Yesterday I wrote about the 52-Week Savings Plan and how I would like to end this year more financially secure than the previous one. Because I generally like to do what I say, I took a fresh $10 bill from my pocket and decided I would start saving.
Just like eating, I have financial triggers. There is no way I will save money if I see it in a jar and there is especially no way I will end up with the kind of savings I would like to achieve if it’s linked to my checking account. In order for me to succeed in the beginning, I need to give myself the best shot. To do this, I decided that Alexander Hamilton should stay in a new bank and not my credit union.
Off I went to TD Bank where they absolutely bullshit you into believing they’re “America’s Most Convenient Bank.” Smoke and mirrors, people. Smoke and mirrors. I prepared my $10 joke about how long it would take me to write all those zeros, but of course I couldn’t use it because the joke was on me: at TD Bank, you have to maintain a $250 minimum balance for savings. If you do not, you will incur a monthly fee until you maintain that level. The employee or Minion from the Gates of Hell explained that, yes, she could wave the fee, but only for three months.
So I laughed and walked right the hell out.
This is a slow build, people. My savings plan, within a few short months, would turn into the bank’s incredible pile of money they refuse to dish out to us serfs. In three months, I would have a paltry $78, which is $172 shy of the NO FEE ZONE, which I guess is supposed to be an end zone of awesome, but it’s really a flaming pile of HOW IS THIS EVEN LEGAL?!
Just in case this wasn’t clear: Alexander Hamilton was still ready, willing and completely easy. Disease free and looking for a long-term commitment.
Next, I head to Citizens Bank which is also the sponsor of the Philadelphia Phillies and conveniently open on Saturdays. Judging by TD’s policy, I have a feeling this visit is going to be a dozy. If TD charges a savings fee, than of course another institution is full on pillaging so that TD can be all: but we only kinda rape your wallet. It’s the whole rape vs. legitimate rape that only a moron from Missouri could understand because IT’S THE SAME DAMN THING.
At Citzens Bank, I meet Megan who wants to immediately check my nail polish against hers to see if I make choices dependent upon color. Fortunately for me, I don’t and hers are chipped. This time I get right down to brass tax without bringing out my $10: What are your fees for opening a checking account? What’s the minimum balance? Over at Citzens, they’re pillaging. There’s a $300 minimum monthly balance and a $9.99 fee if you cannot maintain that level of savings.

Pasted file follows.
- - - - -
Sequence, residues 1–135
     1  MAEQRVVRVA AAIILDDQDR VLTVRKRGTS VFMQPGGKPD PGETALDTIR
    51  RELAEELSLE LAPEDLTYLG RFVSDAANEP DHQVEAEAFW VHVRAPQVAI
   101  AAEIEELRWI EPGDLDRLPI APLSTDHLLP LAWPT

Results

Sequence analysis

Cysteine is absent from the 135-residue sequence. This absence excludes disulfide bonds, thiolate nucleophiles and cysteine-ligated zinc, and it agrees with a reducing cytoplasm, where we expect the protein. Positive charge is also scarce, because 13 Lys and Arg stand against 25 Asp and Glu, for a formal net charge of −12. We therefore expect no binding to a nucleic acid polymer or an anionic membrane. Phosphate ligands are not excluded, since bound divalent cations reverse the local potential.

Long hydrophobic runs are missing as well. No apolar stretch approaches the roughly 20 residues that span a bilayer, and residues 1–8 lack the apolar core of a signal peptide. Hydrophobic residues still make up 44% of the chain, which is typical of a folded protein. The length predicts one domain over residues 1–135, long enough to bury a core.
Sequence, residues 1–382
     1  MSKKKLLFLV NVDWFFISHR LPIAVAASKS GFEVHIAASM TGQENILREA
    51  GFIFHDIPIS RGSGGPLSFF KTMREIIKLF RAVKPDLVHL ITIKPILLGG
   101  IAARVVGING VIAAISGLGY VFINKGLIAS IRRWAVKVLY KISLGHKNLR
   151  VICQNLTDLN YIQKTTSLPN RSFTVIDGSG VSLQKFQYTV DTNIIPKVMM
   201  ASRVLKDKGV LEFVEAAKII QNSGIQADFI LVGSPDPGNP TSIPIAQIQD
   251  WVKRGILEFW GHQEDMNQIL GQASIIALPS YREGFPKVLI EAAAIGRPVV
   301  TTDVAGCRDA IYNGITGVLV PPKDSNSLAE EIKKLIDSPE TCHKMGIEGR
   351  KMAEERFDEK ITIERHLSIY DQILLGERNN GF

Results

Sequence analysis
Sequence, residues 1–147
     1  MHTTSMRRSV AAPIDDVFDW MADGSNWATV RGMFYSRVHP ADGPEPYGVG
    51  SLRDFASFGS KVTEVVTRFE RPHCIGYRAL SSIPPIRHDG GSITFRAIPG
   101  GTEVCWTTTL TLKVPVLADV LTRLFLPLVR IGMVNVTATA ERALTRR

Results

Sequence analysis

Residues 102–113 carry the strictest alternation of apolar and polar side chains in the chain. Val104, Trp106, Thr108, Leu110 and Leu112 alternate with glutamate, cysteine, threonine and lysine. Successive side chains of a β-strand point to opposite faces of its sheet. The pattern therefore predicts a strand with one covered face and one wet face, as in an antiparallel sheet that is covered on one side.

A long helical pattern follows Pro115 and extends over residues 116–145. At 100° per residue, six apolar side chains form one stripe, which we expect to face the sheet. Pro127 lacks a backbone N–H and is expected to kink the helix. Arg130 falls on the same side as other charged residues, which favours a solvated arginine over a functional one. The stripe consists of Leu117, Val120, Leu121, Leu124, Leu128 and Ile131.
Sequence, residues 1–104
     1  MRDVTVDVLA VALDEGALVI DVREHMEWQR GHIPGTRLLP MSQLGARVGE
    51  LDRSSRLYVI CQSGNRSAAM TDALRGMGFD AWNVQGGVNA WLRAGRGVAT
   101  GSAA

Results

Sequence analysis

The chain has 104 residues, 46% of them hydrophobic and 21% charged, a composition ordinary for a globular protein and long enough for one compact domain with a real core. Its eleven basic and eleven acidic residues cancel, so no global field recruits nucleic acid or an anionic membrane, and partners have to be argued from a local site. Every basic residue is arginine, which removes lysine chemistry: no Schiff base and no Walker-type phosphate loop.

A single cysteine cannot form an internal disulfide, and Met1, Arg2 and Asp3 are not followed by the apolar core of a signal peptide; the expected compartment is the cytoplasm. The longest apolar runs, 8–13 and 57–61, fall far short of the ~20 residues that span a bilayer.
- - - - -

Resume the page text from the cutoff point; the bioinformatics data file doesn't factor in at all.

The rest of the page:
I look at Megan with a sense of confusion like I have been bred too much because I didn’t know that in the 21st century in order to start saving, you need to have already saved.
After finding out that I 1) don’t have any money 2) have accounts elsewhere 3) those accounts are at a credit union, she takes persuasion to a new low by asking: well, how many locations does your credit union have and are they open on weekends?
Sure I could pay for great sex with a professional, but I can get it just fine for free from Slasher. Same thing with banking.
And with that I leave because I’m not looking for a bank that turns tricks, I’m looking for a husband. Which, by extension, makes Alexander Hamilton gay, but in the state of Pennsylvania he couldn’t legally marry his male bank, so he’s even more screwed.
He probably likes that kind of thing.
But I don’t, so after three hours, two banks and 10 miles I end up two minutes from my home at the credit union where I’m already a member. There’s no fee, there’s no minimum and the “savings share” will not be attached to my checking account.
By “savings share” what they really mean is: this account wears an invisibility cloak. And because cloaks are cool and Alexander is gay, he loves it!
All gay cloaks and turning tricks aside, there is a serious issue here and that just happens to be the very real fact that banks are robbing us blind. Banks are the customers to the public; not the other way around. It is a privilege for any institution to hold my money and yours. These greedy sons of bitches do. not. get. it and far too many folks are complicit in accepting fees as “par for the course.” And, even worse, bankers are self-righteous assholes who have tried to school me on ethics and how to keep track of what I spend because I have incurred countless overdraft fees over the years. Which, make no mistake, is like getting advice on healthy choices from a crackhead.
There used to be a line where a respectable profit margin was enough, where executive pay wasn’t a gross 400% above the average worker’s take home pay. We have allowed greed to turn into corruption to turn into worshiping at the alter of “high income earners,” which is a polite euphemism for cheats. Banking fees keep the working poor exactly where they are: without a financial safety net. We do not have a savings problem in this country, we have a class one: where the surest bet to a “fair” shot is to be born into wealth and to stay there.
photo credit: epicharmus